Just over a fifth of people resident in Maltese private households are deemed to be either at risk of poverty or social exclusion, according to the latest figures forming part of the EU’s Statistics on Income and Living Conditions (EU-SILC).
The latest figures, however, concern 2019, before the impact of the Covid-19 pandemic.
According to EU-SILC, people are considered to be at risk of poverty or social exclusion if they meet at least one of three criteria. In total, around 97,183 people – or 20.1% of the population living in private households in Malta – were estimated to meet at least one of the criteria.
The first criterion is an income that is below the at-risk-of-poverty threshold, set at 60% of the national equivalised income – calculated at €9,212 in 2019. 17.1% of those living in private households – around 82,758 persons – were estimated to be at risk of poverty, including nearly 28% of those aged 65 and over.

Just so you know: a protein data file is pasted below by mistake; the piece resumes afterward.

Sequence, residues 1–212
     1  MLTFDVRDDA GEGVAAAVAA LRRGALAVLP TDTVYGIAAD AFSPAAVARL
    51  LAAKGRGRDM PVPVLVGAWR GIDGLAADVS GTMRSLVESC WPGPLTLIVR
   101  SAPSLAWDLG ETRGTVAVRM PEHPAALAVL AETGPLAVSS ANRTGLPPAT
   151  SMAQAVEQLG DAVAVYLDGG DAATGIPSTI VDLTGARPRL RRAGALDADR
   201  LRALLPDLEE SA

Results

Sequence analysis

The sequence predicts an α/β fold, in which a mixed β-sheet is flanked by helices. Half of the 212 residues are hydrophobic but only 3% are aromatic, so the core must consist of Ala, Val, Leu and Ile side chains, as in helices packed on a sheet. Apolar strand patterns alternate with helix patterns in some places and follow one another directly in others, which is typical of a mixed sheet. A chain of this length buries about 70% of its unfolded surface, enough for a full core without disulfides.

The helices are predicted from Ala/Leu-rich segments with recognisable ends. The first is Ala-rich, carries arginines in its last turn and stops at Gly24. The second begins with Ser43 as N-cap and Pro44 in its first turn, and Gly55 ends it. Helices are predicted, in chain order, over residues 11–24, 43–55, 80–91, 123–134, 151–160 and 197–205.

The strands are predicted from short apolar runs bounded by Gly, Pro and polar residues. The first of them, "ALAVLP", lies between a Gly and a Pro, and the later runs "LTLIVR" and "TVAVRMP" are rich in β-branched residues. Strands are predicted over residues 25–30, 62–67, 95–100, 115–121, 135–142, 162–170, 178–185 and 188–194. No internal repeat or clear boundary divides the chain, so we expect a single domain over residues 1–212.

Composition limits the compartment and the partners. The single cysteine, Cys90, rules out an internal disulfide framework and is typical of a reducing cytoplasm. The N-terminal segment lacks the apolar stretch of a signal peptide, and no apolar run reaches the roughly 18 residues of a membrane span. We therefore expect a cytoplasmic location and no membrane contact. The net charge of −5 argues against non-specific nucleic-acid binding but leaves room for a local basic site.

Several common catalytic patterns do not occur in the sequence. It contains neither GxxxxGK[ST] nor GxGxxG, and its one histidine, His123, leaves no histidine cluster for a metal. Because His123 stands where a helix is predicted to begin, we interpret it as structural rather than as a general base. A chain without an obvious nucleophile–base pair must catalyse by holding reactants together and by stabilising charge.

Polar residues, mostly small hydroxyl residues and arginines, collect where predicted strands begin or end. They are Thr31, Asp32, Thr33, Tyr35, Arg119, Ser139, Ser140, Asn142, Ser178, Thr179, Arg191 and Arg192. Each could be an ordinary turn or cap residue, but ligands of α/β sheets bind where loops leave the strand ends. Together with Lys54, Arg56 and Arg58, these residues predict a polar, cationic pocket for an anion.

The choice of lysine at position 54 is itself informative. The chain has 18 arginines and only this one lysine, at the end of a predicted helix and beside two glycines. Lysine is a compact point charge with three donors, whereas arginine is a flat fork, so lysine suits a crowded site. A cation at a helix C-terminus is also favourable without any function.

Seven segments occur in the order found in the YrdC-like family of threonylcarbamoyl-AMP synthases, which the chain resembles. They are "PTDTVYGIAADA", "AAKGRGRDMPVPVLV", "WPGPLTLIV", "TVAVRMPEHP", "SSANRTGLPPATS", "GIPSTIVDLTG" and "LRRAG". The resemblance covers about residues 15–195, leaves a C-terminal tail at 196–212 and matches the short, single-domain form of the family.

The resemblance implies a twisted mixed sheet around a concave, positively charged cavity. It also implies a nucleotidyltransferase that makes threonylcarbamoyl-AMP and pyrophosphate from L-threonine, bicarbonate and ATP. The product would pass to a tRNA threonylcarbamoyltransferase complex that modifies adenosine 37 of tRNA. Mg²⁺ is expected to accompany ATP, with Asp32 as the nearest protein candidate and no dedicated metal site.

The second criterion is severe material deprivation, and households are considered to be severely materially deprived if they cannot afford four or more items in a specific list of 13, which includes unexpected financial expenses, a week’s annual holiday away from home and an internet connection. In 2019, 17,506 persons, equivalent to 3.6% of those living in private households, were estimated to be severely materially deprived.
The final criterion is low-work-intensity households, defined as those in which the adults aged 18 to 59 worked under a fifth of their work potential. In 2019, around 3.7% of Maltese households were believed to be of low work intensity.